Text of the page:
This phantom ship of Chilote folklore is enough to strike fear into the staunchest of hearts. Said to frequent the waters around Chiloé, the series of islands off the coast of Chile, the Caleuche has been sighted since the arrival of the Spanish there in the mid 16th century.
According to legend, the ship appears at night, enticing people closer with music and lights; far from a terrifying sight, the Caleuche is a veritable party ship. All is not as it seems, however, as the ship is manned by powerful witches and wizards and the souls of those who have perished at sea. Those who witness the ship are in great danger; those who see it are often taken onboard where they are trapped forever. Some are left behind, but are unable to speak, robbed of their sanity.
Credit: Adobe Stock - Elenarts
There is another, less terrifying, aspect to the Caleuche however. Those aboard the ship are free from the pains and sickness of their earthly lives, free to enjoy the celebrations there forever. The phantom ship therefore acts as an afterlife narrative which brings comfort to those who have lost loved ones to the waves.
Portrayed as Davy Jones’ monstrous pet in the 2006 film Pirates of the Caribbean: Dead Man’s Chest, the Kraken has been a feature of Scandinavian folklore for centuries. Squid-like in appearance, this terrible sea-beast is said to terrorize sailors who dare to pass through the Kraken’s waters, waiting to drag the unwary to a watery death below.
According to an 18th century description of the Kraken, at first glance, the creature resembled a series of small islands in the water, surrounded by seaweed. This illusion was soon dispelled, as the monster emerged: round and flat, with its back measuring a staggering 2.5km in circumference, the kraken boasted long, powerful arms that were as tall as a ship’s mast, waiting, concealed beneath the water. Without warning, these great tentacles rose up, grabbing anything that got in their path.
Despite its terrifying nature, fishermen prize the Kraken, as its appearance heralds a great supply of fish. They soon learn to be wary however and make a quick get away, as when the Kraken returns to its watery home, whirlpools drag everything within reach down with it.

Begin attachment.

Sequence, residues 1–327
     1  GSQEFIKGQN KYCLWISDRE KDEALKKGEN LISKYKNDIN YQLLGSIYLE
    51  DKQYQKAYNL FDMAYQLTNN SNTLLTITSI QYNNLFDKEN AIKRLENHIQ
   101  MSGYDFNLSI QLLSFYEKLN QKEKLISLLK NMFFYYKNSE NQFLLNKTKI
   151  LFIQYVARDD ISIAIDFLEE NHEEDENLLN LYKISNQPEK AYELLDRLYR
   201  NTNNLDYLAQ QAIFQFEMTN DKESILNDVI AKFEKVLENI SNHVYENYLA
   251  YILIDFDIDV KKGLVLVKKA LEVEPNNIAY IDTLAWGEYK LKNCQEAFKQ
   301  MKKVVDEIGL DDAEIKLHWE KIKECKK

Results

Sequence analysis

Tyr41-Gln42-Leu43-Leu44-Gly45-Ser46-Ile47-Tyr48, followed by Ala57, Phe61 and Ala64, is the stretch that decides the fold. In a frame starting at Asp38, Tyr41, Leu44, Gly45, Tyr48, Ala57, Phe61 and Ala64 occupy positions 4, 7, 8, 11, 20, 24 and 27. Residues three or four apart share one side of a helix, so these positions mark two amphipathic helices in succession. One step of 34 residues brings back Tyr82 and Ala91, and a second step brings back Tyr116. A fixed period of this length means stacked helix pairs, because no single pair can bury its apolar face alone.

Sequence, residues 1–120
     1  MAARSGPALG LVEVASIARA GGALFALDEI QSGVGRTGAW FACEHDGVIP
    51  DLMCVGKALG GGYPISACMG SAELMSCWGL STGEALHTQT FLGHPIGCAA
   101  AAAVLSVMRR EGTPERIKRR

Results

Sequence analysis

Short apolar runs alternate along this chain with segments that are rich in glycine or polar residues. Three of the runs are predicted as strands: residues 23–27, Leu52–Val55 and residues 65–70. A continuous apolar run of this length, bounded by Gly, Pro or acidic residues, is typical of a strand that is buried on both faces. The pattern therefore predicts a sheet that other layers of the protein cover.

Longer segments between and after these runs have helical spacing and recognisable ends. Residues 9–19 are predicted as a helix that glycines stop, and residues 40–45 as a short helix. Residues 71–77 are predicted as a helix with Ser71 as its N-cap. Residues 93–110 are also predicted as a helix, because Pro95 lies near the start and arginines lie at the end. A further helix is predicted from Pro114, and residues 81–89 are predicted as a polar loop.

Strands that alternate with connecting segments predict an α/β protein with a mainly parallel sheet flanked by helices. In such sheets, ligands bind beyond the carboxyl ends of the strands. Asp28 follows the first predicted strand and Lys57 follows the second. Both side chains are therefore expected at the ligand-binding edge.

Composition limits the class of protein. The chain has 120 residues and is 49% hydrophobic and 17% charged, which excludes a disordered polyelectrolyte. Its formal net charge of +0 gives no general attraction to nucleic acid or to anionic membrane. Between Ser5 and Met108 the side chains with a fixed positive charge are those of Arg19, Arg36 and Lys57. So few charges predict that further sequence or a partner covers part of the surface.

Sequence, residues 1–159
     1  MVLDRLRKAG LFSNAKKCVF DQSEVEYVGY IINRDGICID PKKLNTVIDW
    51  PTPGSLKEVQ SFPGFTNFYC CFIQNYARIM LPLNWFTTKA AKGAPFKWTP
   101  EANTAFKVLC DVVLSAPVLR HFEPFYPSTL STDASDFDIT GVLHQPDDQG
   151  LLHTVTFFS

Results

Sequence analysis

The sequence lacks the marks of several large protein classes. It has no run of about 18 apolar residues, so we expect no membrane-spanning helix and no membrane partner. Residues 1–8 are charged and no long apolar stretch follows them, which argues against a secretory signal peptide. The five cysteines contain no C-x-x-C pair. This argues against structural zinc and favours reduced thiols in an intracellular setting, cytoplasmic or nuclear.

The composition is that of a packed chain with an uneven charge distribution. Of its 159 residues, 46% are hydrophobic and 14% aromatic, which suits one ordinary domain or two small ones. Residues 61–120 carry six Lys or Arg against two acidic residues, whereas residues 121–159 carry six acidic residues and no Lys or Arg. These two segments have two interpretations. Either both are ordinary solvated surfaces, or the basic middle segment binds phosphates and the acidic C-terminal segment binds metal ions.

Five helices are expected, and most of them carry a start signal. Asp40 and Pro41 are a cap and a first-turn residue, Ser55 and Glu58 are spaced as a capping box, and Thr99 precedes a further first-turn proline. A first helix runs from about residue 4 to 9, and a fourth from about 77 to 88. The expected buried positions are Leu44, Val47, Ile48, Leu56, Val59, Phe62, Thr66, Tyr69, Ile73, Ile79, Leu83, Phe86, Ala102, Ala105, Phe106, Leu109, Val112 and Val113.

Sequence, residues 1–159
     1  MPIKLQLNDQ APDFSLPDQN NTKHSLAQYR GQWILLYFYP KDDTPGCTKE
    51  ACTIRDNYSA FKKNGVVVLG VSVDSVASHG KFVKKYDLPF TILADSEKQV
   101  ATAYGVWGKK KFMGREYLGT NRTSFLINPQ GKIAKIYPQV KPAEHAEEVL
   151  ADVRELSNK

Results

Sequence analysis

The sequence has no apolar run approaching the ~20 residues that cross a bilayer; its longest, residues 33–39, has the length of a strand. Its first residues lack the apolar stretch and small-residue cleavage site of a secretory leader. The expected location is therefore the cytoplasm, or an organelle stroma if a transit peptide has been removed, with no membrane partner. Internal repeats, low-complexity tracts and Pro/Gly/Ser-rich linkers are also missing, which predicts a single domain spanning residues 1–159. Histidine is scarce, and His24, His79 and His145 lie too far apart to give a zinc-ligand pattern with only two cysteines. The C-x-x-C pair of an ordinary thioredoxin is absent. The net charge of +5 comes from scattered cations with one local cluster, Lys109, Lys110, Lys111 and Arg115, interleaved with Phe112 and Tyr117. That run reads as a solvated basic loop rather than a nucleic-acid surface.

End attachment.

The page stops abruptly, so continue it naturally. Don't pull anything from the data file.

These vengeful spirits from Japanese folklore are all that remains of sailors who have drowned. Angry and bitter at losing their lives, they are out to take revenge on others out at sea. They approach the unsuspecting, before ladling water into their boats. When they get too full they sink, drowning those inside.
Credit: Joe McLaren
According to legend, Funayūrei have various appearances, said to appear as ghosts, ghost ships or ghostly lights. Although tales often speak of them appearing at sea, sailors are not safe in other types of water, as they have also been said to be found in lakes, rivers, and even swamps.
Any sensible person would not venture onto the water without some onigiri, or rice balls. When thrown into the water, they offer protection from these vengeful spirits. Forgotten your onigiri? All is not lost; a hishaku – water ladle – with a missing bottom will also bring protection.
Hungry for more? Uncover a whole world of watery folklore in Treasury of Folklore: Seas and Rivers by Dee Dee Chainey and Willow Winsham, published by Batsford. Illustrations by Joe McLaren. Available to buy from Amazon.co.uk and Amazon.com
Written by Willow Winsham - AncientPages.com
Willow Winsham - is an historian of witchcraft, specialising in English witchcraft cases. She is author of Accused: British Witches Throughout History and England's Witchcraft Trials from Pen and Sword Books. She is co-founder of #FolkloreThursday, a popular website and Twitter account that brings fascinating tales and traditions from all corners of the globe to its followers every Thursday.